I have met with the Chief Executive Officers and Directors of the plantation management companies several times during the last couple of months. I invited them for discussions held separately at the tea, rubber and coconut research institutes to interact with scientists to get maximum use from the institutes. Plantation companies also have requested for long term loan facilities at a concessionary interest rate which I am discussing with the Treasury.

Q: Are we successfully competing in the world market with other tea producing countries like India, Kenya and China?

A: Certainly yes. Today Colombo Auction records the highest tea prices in the world indicating that Ceylon Tea is doing well. We have been able to achieve this price because of our quality of tea and also we are still known to produce the world's cleanest and healthiest tea.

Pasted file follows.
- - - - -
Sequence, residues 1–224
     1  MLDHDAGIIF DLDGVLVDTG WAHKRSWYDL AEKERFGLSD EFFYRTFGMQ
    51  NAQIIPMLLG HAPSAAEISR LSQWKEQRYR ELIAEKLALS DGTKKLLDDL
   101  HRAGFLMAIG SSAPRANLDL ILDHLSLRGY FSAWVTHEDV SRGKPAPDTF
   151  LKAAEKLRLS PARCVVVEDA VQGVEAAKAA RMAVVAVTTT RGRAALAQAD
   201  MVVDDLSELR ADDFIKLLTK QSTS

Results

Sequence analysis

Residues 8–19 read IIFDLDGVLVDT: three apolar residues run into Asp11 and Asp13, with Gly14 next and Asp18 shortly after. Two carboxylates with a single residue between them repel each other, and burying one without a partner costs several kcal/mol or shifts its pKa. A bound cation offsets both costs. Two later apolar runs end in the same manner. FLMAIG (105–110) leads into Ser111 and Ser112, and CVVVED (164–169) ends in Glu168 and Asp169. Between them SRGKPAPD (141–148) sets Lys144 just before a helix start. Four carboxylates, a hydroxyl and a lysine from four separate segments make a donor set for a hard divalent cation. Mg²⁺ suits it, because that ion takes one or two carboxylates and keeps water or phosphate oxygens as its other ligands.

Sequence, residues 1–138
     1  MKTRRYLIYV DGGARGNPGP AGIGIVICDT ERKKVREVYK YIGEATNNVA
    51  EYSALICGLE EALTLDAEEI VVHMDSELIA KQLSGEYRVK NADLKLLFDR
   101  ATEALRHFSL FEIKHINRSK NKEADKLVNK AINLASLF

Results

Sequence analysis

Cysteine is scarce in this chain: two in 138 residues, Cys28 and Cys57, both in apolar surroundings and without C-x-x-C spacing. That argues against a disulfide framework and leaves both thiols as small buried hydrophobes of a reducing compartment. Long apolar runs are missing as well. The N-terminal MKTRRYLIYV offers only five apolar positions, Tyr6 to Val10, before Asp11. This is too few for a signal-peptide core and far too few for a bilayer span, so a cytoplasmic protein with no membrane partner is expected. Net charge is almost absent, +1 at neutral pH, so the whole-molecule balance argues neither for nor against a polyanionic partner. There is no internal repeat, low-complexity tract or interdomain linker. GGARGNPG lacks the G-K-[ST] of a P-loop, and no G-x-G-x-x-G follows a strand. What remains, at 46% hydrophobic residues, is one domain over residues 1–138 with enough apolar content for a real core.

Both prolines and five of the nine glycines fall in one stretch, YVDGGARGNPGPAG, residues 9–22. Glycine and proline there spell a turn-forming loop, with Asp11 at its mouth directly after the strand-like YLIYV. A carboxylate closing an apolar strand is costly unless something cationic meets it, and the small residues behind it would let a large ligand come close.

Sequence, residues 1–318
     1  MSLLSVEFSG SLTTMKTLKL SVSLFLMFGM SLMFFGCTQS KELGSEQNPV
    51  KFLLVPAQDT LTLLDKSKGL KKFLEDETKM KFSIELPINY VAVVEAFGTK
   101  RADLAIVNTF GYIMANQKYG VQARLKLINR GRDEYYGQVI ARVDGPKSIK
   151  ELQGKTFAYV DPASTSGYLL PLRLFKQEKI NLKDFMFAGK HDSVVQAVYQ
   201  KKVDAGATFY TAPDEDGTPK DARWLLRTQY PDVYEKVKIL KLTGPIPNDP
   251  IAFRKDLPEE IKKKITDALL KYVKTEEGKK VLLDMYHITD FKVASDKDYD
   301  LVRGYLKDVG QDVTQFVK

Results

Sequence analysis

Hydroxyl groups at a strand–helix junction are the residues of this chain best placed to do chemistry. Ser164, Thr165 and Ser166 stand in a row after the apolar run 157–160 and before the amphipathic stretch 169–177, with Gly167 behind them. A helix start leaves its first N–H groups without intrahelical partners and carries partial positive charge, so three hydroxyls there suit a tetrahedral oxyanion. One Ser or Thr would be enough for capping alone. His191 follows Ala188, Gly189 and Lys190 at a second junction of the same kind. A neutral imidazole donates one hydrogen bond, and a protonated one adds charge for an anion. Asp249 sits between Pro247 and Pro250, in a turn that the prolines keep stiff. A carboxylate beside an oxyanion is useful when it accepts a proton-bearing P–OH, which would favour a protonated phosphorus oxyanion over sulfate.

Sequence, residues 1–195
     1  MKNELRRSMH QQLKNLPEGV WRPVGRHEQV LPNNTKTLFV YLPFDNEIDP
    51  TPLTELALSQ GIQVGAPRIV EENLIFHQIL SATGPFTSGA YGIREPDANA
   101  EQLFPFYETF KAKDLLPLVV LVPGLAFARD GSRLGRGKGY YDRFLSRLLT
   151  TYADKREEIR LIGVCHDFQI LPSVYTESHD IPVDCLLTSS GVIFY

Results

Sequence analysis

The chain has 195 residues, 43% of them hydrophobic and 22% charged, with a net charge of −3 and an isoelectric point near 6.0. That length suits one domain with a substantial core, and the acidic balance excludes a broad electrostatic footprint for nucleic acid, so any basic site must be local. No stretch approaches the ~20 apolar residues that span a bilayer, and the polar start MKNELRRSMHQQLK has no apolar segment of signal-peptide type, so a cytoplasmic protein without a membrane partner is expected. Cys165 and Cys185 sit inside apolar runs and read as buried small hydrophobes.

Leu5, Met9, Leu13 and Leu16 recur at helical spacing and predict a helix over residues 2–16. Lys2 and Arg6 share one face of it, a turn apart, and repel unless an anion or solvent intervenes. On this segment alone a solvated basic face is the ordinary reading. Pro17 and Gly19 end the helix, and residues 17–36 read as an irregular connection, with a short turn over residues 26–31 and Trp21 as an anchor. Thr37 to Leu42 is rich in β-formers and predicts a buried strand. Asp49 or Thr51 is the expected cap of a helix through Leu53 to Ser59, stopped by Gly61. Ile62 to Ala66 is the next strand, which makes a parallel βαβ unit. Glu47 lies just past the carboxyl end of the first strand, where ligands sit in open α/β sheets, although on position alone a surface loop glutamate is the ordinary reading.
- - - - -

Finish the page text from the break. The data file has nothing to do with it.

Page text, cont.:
Q: Are you optimistic that we will continue to maintain the quality of our tea as the world's best and the most popular?

A: I am very optimistic about our capacity and capability to continue to maintain the quality of our tea as the world's best and most popular. I have proposed many strategies to ensure the standards of manufacturing, quality of leaves and health aspects of our tea. We have been able to meet the European, Japanese and US health standards on maximum residue levels through the efforts of the Tea Research Institute and I am also happy to record here that we have established a pesticide residue analysis laboratory at the Tea Board where we are capable today of analysing our tea samples instead of sending them to Germany as was done before.

Q: What is the state of the plantation estates that are under the management of the State Plantation Corporation and the JANAWASAMA?